The Analog Style LED Clock uses 180 LEDs to display the time, similar to the hands of a traditional analog clock.Designed by Tron-X in United States of America
The Analog Style LED Clock was featured on the cover of the March 2018 issue of Nuts and Volts magazine!!! Check it out! What is it? The Analog Style LED Clock uses 180 LEDs to display the time, much…Read More…
The Analog Style LED Clock was featured on the cover of the March 2018 issue of Nuts and Volts magazine!!! Check it out!
The Analog Style LED Clock uses 180 LEDs to display the time, much like the hands of a traditional analog clock. The clock also features an alarm. An additional LED indicates the alarm status and another LED indicates PM. Four pushbuttons allow you to set the clock and alarm. The clock uses the 50 or 60 Hz from the electric utility to keep accurate time.
The kit contains all the parts to build the clock, including printed PCB, programmed microcontroller and other components, solder, and frame. The frame has a built-in hanger so that it can be hung on a nail, screw or small hook. A full-color assembly, operation, and technical manual, complete with the theory of operation, schematics, and drawings can be downloaded here.
This product is a kit and requires assembly. However, if you choose the Assembled Circuit Board option, no soldering will be required! You will still need to paint the frame (optional), attach the numbers and install the PCB into it.
Tools required to assemble the clock include a soldering iron, wire clippers, multimeter, tweezers, and a #2 Philips screwdriver. Additional tools could come in handy as well — for example, eye loupe, solder sucker, or wire strippers. See the user's manual for more details.
A set of Arabic Numerals and a set of Roman Numerals are included. The Roman numeral set contains both IIII and IV for use as the number 4 — your choice of which one to use. Some people like using IIII for better symmetry with VIII on the other side of the clock. Others feel that IV is more proper. A guide to assist in placing the numbers is also included.
Paint is optional and is not included. If you choose to paint the frame, you can use spray paint of your choice of color. See the Photo Gallery Page of my website for other options and ideas.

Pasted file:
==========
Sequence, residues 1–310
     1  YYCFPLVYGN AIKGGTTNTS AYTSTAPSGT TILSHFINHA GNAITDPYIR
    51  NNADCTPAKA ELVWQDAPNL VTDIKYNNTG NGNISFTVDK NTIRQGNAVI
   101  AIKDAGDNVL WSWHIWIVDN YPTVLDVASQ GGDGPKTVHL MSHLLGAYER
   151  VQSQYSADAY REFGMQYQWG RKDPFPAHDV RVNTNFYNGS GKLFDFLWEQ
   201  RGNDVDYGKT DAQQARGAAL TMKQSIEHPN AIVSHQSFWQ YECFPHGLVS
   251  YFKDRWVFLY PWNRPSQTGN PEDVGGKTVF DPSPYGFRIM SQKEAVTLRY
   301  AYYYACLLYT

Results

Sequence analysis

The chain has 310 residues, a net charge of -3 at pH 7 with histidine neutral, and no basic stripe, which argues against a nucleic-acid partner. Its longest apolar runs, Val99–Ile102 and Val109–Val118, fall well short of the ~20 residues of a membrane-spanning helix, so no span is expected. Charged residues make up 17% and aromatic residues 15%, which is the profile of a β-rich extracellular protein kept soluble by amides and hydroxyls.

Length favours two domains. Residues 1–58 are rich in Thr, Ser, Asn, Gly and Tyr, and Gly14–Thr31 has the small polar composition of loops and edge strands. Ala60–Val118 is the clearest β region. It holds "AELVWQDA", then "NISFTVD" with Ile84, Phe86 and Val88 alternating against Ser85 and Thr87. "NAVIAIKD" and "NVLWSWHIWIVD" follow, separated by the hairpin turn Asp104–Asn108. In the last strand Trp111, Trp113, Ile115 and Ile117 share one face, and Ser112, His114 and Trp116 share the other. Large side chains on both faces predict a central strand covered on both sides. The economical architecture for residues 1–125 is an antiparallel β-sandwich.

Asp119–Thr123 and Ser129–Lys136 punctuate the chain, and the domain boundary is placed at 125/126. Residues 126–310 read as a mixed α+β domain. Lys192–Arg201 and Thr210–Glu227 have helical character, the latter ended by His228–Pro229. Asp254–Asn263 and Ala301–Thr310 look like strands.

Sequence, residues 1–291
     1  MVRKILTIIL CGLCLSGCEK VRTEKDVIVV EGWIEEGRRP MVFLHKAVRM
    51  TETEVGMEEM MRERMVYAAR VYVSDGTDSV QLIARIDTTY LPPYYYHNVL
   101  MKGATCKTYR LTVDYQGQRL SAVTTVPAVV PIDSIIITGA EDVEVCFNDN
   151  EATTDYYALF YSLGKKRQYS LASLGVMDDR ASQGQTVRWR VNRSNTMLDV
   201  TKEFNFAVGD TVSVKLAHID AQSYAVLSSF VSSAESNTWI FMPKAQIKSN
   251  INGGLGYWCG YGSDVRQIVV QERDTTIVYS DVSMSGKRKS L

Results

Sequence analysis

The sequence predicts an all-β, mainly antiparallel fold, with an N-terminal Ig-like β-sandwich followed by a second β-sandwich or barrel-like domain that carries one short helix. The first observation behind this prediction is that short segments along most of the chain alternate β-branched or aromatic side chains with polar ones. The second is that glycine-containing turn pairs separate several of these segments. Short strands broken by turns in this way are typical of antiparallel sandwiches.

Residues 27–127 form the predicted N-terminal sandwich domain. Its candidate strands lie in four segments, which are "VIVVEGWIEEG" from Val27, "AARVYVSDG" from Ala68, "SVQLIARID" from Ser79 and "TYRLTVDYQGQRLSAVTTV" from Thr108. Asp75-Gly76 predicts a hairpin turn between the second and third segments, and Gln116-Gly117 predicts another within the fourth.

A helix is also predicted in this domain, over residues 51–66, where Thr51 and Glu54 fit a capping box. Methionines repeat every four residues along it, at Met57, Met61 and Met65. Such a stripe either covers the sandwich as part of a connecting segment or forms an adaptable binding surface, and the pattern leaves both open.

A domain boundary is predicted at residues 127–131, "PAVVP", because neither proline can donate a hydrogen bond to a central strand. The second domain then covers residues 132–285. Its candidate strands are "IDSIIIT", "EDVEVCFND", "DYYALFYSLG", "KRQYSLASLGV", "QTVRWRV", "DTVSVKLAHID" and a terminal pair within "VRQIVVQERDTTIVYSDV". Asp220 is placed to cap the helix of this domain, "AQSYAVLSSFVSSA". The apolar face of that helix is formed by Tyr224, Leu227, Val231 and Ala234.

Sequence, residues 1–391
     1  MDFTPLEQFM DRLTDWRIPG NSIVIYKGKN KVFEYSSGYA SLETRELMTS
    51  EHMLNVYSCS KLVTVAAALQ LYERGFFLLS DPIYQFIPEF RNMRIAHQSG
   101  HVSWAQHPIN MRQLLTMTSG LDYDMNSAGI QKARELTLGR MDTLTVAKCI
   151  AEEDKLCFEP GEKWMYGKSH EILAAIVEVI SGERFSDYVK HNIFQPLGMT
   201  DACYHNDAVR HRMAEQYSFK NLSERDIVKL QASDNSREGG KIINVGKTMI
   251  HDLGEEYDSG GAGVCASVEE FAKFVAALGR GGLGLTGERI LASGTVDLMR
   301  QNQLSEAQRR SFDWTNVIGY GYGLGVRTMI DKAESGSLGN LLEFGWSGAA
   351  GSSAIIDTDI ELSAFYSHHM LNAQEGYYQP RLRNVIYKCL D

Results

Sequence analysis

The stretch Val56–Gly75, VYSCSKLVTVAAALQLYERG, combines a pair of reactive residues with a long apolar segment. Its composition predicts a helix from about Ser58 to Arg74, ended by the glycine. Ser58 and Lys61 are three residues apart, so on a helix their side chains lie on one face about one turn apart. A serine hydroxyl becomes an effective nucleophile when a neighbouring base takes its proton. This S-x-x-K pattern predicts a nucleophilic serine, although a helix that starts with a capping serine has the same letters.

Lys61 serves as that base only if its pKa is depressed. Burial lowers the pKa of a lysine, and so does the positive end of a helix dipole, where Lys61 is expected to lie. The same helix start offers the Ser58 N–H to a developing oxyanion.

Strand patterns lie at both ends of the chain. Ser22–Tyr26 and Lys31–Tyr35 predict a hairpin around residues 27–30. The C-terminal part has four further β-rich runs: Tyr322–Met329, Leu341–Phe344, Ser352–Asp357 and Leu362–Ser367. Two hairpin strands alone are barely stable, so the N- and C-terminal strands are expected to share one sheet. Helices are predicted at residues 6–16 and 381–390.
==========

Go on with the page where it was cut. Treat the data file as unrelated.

Frame and Number Set — If you have a 3D printer, you can print your own frame and number set, saving on the cost of the kit — select Not Included for this option. Files can be downloaded at Thingiverse.
AC Adaptor — The AC Adaptor included in the kit is for use in the United States and runs on 110VAC. If you are in a different country, you will either have to get an adaptor that converts your plug and voltage to the United States plug and voltage. Or you can get an AC Adaptor that will work in your country. The output needs to be between 9 and 12 volts AC. If the output is DC, the clock will not run as it needs the 50 or 60 Hz AC signal to keep time. If you source your own AC Adaptor, you can save on the cost of the kit by selecting Not Included for this option.
Pre-Assembled Circuit Board — All the components are through-hole and are easy to solder. But there are a lot of connections to be made! If you don't want to solder the components to the board, select this option. Please allow an additional week for the clock to ship. Note that you will still need to glue the numbers to the frame and mount the circuit board, but this is pretty easy and should take about a half-hour to an hour (compared to 3 hours or more for the soldering).
Source Your Own Parts — Maybe you'd like to source your own parts and just buy the parts you can't get or make yourself. You can buy just the customized parts: PC Board, Microcontroller, and/or Frame and Numbers here.
The clock was originally designed as my Senior Project to complete my Electrical Engineering Degree. A number of years ago, I remember reading about a technique to individually control a large number of LEDs with a relatively small number of I/O lines. I immediately thought a good use of this technique would be to make a clock with 180 LEDs. It would have 60 LEDs each for seconds, minutes and hours (which would increment every 12 minutes). It never became much more than an idea in the back of my mind until I suggested it to my instructor for my Senior Project. He responded that he would accept the proposal if I added an alarm feature.
One of the design goals was to use the minimum number of parts to control the clock and a microcontroller with the smallest pin count possible. The clock has a total of 182 LEDs and a buzzer ... all driven by just an 18-pin microcontroller! Plus the controller monitors the 4 pushbuttons and the 50 or 60 Hz line. No other logic, I/O or driving circuits are used. How is this possible? It is all explained in the user's manual!
Kits are in stock and typically ship within two (2) to five (5) business days. Please allow an additional five (5) business days to ship if you choose the Assembled Circuit Board option.
This kit is RoHS compliant. All the parts in this kit, including the solder are RoHS compliant. If your location does not require RoHS compliance, you can use lead solder if you prefer.
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Reginald | March 12, 2018
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